A fascinating history of humankind as a consumer of energy.



An essential feature of our lives receives an ingenious analysis.

All living organisms expend energy (i.e., work), but humans have transformed this with spectacular creativity that began with stone tools and led to cities, nations, and networks of energy-hungry machines. Anthropologists specialize in describing this process, and Suzman delivers a delightful account of their findings without ignoring the occasions when colleagues missed the boat. For more than 1 million years, our ancestors’ major tool was a crude, difficult-to-manipulate chipped-rock hand ax. Gathering food undoubtedly required its use, but that was also a laborious process. Gorillas eat 15% of their body weight per day and spend half their waking hours foraging; human today eat 2% to 3% thanks to fire, man’s greatest labor-saving invention. Cooking vastly concentrates food energy, so evolution shrank our jaws, teeth, and guts and grew our brains. Experts once taught that hunter-gatherers led exhausting lives on the edge of starvation. Then studies revealed that they didn’t work hard and ate better than cultures that followed. Once agriculture developed, work became grueling but produced quantities of poorer quality food that supported cities, cultures, governments, and innumerable trades. Animals provided almost all human nonfood energy until the 18th century, when the Industrial Revolution produced an explosion of power for industry and transportation. In the early 19th century, electricity transformed domestic life. The 20th-century computer revolution assumed much of human brain work, and 21st-century artificial intelligence has upset many observers who conclude “that not only were robots already queuing at the factory gates but that they had fixed their beady little robot-eyes on nearly half of all existing jobs.” Ironically, as Suzman demonstrates near the end of this educative and entertaining book, this energy bonanza has not led to the life of leisure that futurists predicted. In the U.S., working hours have actually increased, and technology’s profits mostly enrich a small minority who already enjoy a high income.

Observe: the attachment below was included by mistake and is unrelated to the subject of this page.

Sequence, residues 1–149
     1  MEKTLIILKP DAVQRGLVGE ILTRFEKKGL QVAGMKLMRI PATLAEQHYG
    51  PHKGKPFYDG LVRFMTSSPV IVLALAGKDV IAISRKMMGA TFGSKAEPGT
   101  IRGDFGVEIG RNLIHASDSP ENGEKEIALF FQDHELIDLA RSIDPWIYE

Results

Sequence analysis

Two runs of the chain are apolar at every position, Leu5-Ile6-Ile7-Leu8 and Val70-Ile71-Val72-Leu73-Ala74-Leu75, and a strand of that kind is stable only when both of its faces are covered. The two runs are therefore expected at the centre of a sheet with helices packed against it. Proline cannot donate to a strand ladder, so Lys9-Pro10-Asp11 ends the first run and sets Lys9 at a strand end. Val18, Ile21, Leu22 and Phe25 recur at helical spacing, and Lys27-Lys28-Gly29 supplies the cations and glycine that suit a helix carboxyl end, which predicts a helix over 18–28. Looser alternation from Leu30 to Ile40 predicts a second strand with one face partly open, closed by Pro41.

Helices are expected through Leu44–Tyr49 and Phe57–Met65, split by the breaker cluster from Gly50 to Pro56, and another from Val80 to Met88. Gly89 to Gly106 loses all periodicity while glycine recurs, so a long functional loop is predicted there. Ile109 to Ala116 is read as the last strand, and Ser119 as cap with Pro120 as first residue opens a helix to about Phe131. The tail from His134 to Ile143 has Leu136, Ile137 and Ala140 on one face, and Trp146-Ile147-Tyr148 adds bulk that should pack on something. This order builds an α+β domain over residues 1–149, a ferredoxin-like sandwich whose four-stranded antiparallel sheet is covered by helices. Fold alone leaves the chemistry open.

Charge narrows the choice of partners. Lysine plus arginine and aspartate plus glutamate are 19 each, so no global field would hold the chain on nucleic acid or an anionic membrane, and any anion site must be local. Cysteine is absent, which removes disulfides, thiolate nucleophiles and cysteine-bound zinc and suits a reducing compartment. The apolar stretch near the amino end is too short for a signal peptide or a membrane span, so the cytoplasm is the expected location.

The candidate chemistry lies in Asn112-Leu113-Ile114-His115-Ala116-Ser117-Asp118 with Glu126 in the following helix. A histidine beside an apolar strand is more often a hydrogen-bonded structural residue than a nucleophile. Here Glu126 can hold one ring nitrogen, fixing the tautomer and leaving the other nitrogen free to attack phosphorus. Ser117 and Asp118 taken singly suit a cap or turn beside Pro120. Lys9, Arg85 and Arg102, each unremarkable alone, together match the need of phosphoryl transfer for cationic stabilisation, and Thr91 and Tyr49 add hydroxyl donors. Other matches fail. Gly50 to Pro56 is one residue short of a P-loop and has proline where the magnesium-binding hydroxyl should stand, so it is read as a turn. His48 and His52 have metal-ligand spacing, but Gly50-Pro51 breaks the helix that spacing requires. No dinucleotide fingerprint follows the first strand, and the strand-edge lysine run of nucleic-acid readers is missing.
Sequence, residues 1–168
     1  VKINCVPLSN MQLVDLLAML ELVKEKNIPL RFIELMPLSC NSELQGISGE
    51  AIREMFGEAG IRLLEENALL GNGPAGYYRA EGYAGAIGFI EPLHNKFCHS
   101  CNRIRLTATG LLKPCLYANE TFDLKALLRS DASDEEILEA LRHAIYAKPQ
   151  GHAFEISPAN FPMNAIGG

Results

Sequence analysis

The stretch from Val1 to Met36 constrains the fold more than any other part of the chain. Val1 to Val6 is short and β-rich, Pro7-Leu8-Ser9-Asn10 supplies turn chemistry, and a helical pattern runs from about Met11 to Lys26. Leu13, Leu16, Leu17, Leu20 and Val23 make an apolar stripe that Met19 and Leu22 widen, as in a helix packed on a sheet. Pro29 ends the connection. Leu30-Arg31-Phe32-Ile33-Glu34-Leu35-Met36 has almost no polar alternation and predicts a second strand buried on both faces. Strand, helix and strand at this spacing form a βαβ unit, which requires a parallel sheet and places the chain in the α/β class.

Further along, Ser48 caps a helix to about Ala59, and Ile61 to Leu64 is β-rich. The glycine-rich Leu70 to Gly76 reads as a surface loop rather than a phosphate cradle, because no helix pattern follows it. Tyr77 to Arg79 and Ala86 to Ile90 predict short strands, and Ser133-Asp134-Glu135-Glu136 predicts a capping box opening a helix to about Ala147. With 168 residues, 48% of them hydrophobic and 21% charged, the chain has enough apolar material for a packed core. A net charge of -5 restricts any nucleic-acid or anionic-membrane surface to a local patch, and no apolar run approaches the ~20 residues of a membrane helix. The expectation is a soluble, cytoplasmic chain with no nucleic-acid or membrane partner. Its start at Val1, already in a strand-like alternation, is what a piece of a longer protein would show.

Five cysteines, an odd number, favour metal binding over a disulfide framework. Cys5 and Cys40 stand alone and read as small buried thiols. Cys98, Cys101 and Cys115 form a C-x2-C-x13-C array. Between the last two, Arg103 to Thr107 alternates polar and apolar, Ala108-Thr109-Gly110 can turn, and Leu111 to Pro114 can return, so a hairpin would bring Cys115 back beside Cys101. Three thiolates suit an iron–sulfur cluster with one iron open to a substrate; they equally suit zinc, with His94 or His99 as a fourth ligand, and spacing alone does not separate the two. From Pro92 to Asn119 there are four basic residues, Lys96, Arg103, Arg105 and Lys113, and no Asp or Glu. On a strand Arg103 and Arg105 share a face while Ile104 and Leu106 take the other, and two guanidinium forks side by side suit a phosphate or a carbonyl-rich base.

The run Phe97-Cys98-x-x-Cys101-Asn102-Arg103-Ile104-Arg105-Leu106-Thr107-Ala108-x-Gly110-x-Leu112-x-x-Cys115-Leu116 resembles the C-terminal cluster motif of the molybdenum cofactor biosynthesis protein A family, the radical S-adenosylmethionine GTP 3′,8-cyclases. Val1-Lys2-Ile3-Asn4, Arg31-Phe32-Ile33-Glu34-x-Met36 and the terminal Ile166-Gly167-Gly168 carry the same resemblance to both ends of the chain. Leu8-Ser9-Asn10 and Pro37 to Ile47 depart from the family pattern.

A fascinating history of humankind as a consumer of energy.

Pub Date: Jan. 19, 2021

ISBN: 978-0-525-56175-0

Page Count: 384

Publisher: Penguin Press

Review Posted Online: Sept. 29, 2020

Kirkus Reviews Issue: Oct. 15, 2020

Did you like this book?

No Comments Yet

A top-notch political memoir and serious exercise in practical politics for every reader.

Our Verdict

  • Our Verdict
  • GET IT

  • New York Times Bestseller

  • IndieBound Bestseller


In the first volume of his presidential memoir, Obama recounts the hard path to the White House.